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This publication is available at https://www.gov.uk/government/statistics/walking-and-cycling-statistics-england-2020/the-impact-of-the-coronavirus-pandemic-on-walking-and-cycling-statistics-england-2020
About this release
This statistical release presents information on walking and cycling in England in 2020 and the impact of the coronavirus pandemic. It includes comparisons of results from different data sources.
Travel during 2020 was considerably impacted by the coronavirus (COVID-19) pandemic. In 2020, total trip rates fell by 22% compared to 2019, with decreases seen in all modes of transport except cycling and walks over a mile.
During 2020, compared to 2019:
- cycling stages per person increased by 23%, from 17 stages per person to 21 stages per person
- miles cycled per person increased by 62% to the highest levels since 2002, from 54 miles per person to 88 miles per person
- walking stages per person decreased by 16%, from 332 trips per person to 281 stages per person
- miles walked per person increased by 7% to 220 miles per person, the highest levels since 2002
- Walking stages of over a mile increased by 26% to 92 stages per person
This may be linked to guidance published by the Department of Health and Social Care that if individuals “need to travel, they should walk or cycle where possible” as well exercise walking and cycling for leisure being permitted throughout all of 2020.
Further details on walking and cycling trends can be found in the 2020 walking and cycling statistics release.
Differences between data sources
Walking data sources
The National Travel Survey (NTS) is the main data source when looking at changes in walking levels in England. Differences between the NTS and the Active Lives Survey (ALS) are a result of different measures used to look at walking activity as well as the definitions used on the length of walking journeys. It is not recommended to compare trends between the 2 data sources. Both data sources agree that levels of walking in England decreased in 2020 compared to 2019, with variability seen across regions and local authorities.
Further detail on the differences between the NTS and ALS can be found in the background quality report.
Cycling data sources
There are many data sources published by the Department for Transport (DfT) showing cycling levels during 2020. All sources agree that levels of cycling in England increased during 2020 compared to previous years. However, the sources can differ on the scale of the increase due to different methodologies, definitions, and data coverage.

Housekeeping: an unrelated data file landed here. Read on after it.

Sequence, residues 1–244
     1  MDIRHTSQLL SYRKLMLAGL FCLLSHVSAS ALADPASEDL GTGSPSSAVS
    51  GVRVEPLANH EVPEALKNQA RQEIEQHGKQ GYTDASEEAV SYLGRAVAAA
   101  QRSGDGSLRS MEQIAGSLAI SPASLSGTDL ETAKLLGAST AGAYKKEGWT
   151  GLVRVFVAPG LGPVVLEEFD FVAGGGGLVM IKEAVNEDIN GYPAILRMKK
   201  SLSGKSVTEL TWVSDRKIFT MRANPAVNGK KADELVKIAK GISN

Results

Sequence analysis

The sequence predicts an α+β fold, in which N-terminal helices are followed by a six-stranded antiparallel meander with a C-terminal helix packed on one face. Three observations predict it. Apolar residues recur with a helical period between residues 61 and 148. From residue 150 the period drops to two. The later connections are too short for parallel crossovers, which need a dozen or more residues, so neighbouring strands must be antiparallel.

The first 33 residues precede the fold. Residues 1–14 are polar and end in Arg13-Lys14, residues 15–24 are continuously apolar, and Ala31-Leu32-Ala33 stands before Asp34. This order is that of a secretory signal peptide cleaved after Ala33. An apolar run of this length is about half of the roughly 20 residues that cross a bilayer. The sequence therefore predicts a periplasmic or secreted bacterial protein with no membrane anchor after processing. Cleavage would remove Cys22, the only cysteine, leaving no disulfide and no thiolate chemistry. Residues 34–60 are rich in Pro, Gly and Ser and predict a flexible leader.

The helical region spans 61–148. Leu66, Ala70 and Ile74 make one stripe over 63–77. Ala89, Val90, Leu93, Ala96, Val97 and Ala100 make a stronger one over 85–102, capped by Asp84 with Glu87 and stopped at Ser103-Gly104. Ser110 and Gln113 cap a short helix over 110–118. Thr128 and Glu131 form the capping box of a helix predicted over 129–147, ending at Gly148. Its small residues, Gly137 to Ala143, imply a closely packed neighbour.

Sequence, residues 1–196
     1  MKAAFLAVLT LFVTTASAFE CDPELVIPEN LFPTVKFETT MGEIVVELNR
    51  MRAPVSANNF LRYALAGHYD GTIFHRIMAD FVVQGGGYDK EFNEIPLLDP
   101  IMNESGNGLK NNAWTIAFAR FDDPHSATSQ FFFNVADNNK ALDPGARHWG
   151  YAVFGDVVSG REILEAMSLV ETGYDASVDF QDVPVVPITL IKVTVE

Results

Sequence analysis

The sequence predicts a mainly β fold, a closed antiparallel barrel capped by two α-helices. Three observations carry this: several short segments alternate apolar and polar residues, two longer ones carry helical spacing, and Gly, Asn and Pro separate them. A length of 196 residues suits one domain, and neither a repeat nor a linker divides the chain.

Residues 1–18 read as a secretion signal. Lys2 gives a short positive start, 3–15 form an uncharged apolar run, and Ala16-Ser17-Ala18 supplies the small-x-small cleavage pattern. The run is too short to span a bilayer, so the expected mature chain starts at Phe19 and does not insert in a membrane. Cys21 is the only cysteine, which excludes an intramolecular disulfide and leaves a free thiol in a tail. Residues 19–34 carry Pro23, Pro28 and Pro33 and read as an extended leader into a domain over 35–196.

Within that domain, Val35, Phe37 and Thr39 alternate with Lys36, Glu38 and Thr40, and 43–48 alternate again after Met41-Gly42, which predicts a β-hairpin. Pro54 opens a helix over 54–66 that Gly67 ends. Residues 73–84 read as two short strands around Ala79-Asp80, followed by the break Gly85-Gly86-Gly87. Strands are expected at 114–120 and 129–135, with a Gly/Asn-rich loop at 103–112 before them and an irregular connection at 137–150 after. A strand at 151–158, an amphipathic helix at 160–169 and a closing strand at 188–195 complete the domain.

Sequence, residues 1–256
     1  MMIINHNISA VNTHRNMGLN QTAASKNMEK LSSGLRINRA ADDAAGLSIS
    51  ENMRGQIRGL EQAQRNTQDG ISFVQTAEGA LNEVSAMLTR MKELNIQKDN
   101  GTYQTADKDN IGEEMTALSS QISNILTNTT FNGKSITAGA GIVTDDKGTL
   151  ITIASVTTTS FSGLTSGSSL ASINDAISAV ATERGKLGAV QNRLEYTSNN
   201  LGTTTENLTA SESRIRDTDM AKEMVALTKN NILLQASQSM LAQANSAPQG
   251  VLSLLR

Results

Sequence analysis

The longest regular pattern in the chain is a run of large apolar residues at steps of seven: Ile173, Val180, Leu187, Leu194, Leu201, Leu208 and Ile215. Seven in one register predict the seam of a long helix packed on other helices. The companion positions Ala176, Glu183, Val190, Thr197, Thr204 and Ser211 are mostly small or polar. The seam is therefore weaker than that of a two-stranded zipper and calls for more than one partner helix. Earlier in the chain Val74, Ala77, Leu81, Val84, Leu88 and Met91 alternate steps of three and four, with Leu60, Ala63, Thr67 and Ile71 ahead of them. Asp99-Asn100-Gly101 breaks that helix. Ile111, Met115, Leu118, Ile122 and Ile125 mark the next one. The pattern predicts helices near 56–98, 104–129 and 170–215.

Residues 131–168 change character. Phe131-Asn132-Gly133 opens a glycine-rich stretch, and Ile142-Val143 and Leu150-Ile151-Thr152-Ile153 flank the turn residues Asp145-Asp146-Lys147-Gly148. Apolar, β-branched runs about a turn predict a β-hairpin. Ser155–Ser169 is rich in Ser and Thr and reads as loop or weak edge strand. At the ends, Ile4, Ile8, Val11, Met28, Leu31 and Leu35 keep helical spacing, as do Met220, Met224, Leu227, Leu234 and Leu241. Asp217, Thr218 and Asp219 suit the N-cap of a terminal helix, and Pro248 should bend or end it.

Table 1: Cycling data sources
|NTS||26% increase in average cycling trips, 23% increase in average stages, 63% increase in total miles cycled||January to December 2019||England||Representative sample including people aged 2+. Measured as trips and stages per person per year. Data collected by face to face (phone during 2020) interviews and a travel diary. Includes cyclists on public highways.|
|ALS||Increase from 11% to 12% of adults cycling at least once a week||November 2018 to November 2019||England||Representative sample including adults aged 16+ only. Based on frequency of cycling trips rather than absolute number of trips and stages. Data collected by a push to web survey.|
|Road traffic estimates||46% increase in pedal cycle traffic in Great Britain||January to December 2019||Great Britain||Measured in billion vehicle miles. Includes cyclists on public highways. Off road cycling is not included. Data collected from both automated and manual traffic counters.|
|Transport use during the coronavirus (COVID-19) pandemic||100% increase in weekday cycling and up to 200% increase on weekends in summer 2020. Levels have since returned closer to pre-pandemic levels||March 2020||England||Estimate derived from anonymised telecommunications data, automatic traffic counts (ATC) and the NTS. Heavily impacted by volatility in the weather and underlying data sources.|
The data sources each use different headline measures to provide an estimate of cycling levels in England in 2020. When considering each source, it is important to consider the definitions and methods that have been used to collect the data, as well as the year you are comparing against. Whilst we cannot make direct comparisons between the data sources, we can look at similarities in the trends.
Road traffic estimates for 2020 showed a 46% increase in pedal cycle traffic (in billion vehicle miles) compared to 2019. This is the highest level of cycling on the public highway since the 1960s. Data from the NTS confirms the scale of increase, with a 63% increase in total miles cycled compared to 2019. The broader coverage of cycling in the NTS may explain the even higher increase seen.
Changes in cycling levels were not uniform across the year, or by area, and were impacted by both national and local ‘lockdowns’ as travel restrictions were put in place to stop the spread of COVID-19.
Which dataset should I use to understand active travel activity?
The NTS remains our primary data source when looking at walking and cycling in England. It allows us to look at walking and cycling in isolation, but also compare to other modes of travel and look at long term trends. It is also the data source used to monitor against the Cycling and Walking Investment Strategy and Gear Change aims and targets.